Davao Region (Region XI), formerly Southern Mindanao, is located in the southeastern portion of Mindanao. The region is divided into the provinces of Davao Oriental, Davao, Davao del Sur, and Compostela Valley; plus Davao City. The region encloses the Davao Gulf to the south and includes the island of Samal in the gulf, and the Sarangani Islands further to the south. Davao City is the region's administrative center.

SOCCSKSARGEN (Region XII), formerly Central Mindanao, is located in the south-central portion of the island. It consists of the provinces of Cotabato, Sarangani, South Cotabato (which was used to be part of Region XI), and Sultan Kudarat, plus Cotabato City. The names of the provinces together with General Santos City spell the name of the region which is an acronym. Cotabato City, which is surrounded by, but is not a part of Maguindanao province, was the region's former administrative center. Koronadal City, in South Cotabato, is the new administrative center of the newly formed region.

Caraga (Region XIII) is located in the northwestern part of Mindano. Its provinces are Agusan del Norte, Agusan del Sur, Surigao del Norte, and Surigao del Sur. The administrative center is Butuan City in Agusan del Norte. The region also covers the outlying islands of Surigao del Norte such as Dinagat Island, Siargao Island, and Bucas Grande Island.

The Autonomous Region in Muslim Mindanao (ARMM) is a special region which covers the territories predominantly populated by Muslims. ARMM has its own government unlike almost all the other regions in the country. It consists of almost the whole of the Sulu Archipelago (Isabela City while remaining a part of Basilan is in the Zamboanga Peninsula region) and two provinces in the mainland. The provinces located in the Sulu Archipelago are Basilan, Sulu, and Tawi-Tawi. Basilan and Tawi-Tawi are themselves the main islands of their respective provinces, while the main island of Sulu is Jolo Island. The mainland provinces are Lanao del Sur and Maguindanao. Cotabato City, while not a part of the ARMM, is the region's administrative center.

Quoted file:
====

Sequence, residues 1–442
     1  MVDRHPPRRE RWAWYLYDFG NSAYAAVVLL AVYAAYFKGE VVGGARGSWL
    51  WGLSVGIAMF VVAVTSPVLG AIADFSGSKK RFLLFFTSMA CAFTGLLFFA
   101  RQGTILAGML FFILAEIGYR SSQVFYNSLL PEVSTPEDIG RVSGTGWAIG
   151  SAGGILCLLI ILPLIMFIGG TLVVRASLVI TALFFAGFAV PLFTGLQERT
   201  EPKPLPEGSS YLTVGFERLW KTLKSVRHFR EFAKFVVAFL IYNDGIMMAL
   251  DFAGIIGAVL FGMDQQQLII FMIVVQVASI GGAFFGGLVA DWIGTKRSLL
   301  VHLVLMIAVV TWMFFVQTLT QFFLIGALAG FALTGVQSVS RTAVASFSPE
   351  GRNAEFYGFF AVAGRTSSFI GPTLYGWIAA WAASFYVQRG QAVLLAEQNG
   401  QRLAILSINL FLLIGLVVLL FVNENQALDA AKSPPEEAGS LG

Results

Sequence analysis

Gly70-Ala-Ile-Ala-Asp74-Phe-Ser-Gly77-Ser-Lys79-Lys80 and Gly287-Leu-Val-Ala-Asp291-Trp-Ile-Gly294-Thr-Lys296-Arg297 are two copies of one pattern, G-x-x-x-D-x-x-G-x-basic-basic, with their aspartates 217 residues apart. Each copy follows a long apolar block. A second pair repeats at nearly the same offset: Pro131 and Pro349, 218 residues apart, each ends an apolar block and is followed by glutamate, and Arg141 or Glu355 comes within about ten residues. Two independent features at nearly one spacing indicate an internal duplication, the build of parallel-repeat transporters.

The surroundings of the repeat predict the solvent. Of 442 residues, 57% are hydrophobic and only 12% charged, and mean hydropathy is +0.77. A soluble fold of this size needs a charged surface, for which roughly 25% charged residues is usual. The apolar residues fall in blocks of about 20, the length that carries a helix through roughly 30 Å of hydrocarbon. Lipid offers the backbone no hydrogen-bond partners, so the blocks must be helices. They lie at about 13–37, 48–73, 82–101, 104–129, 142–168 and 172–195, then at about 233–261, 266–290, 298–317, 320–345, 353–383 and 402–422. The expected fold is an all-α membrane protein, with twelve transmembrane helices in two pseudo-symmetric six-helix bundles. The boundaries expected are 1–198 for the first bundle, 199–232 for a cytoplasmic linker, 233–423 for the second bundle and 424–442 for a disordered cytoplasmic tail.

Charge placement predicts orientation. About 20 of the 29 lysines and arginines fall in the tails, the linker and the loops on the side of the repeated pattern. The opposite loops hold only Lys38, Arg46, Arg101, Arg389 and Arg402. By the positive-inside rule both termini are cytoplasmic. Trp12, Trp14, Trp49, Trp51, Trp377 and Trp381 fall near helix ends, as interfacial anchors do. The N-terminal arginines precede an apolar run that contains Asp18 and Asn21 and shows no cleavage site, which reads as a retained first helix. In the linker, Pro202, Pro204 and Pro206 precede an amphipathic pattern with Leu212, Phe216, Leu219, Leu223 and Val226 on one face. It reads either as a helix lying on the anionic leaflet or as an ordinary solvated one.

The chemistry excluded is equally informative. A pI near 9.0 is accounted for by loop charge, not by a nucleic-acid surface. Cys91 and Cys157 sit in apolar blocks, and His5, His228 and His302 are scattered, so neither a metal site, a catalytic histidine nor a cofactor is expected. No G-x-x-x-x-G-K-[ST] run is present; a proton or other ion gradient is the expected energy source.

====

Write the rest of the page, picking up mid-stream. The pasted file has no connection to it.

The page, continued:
Musical heritage

Main article{{#if:Kulintang|s}}: Music of the Philippines{{#if:|, | and }}Kulintang
The native Maguindanaon and other native Muslim/non-Muslim groups of Mindanao have a fascinating culture that revolves around kulintang music, a specific type of gong music, found among both Muslim and non-Muslim groups of the Southern Philippines.
Location South East Asia
Coordinates Philippine islands
Archipelago Philippine islands
Total islands 7,107
Major islands Luzon, Mindanao, Mindoro, Palawan
Area 97,530 km²
Highest point Apo (2,954 m)
Regions Caraga, Davao, Muslim Mindanao, Northern Mindanao, SOCCSKSARGEN, Zamboanga Peninsula
Largest city Davao (1,147,116)
Population (as of 2000)
Density 172.5
Indigenous people Bajau, Bisaya (Butuanon, Cebuano, Hiligaynon, Surigaonon), Chabacano, Lumad (Kamayo, Manobo, Tasaday, T'boli), Moro (Maguindanao, Maranao)

See also

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Look up Mindanao in

Wiktionary, the free dictionary.

  • Geography of the Philippines
  • Bangsamoro
  • Moro people
  • Islam in the Philippines
  • Lumad
  • Sultanate of Sulu
  • Sultanate of Maguindanao
  • Regions of the Philippines
  • Provinces of the Philippines

[edit]External links

  • Mindanao Blog
  • Mindanao News
  • Mindanao Hotels
  • Amir Butler: The Moro Struggle for Independence
  • Traditional Music of the Southern Philippines - An online textbook about Southern Pilipino Kulintang Music. Has chapters devoted to kulintang instrumentation, styles and uses by the Maguindanaon and other Southern Pilipino Groups.
  • Davao City Travel Blog - Davao City is in the southern island of Mindanao. This website contains photos within and around Davao.

Original Source

This page was adapted from the English Wikipedia. The original article was at Mindanao. The list of authors can be seen in the page history. As with Wikipedia, WikiPilipinas also allows reuse of content made available under the Creative Commons Attribution-ShareAlike. See full WikiMedia Terms of Use.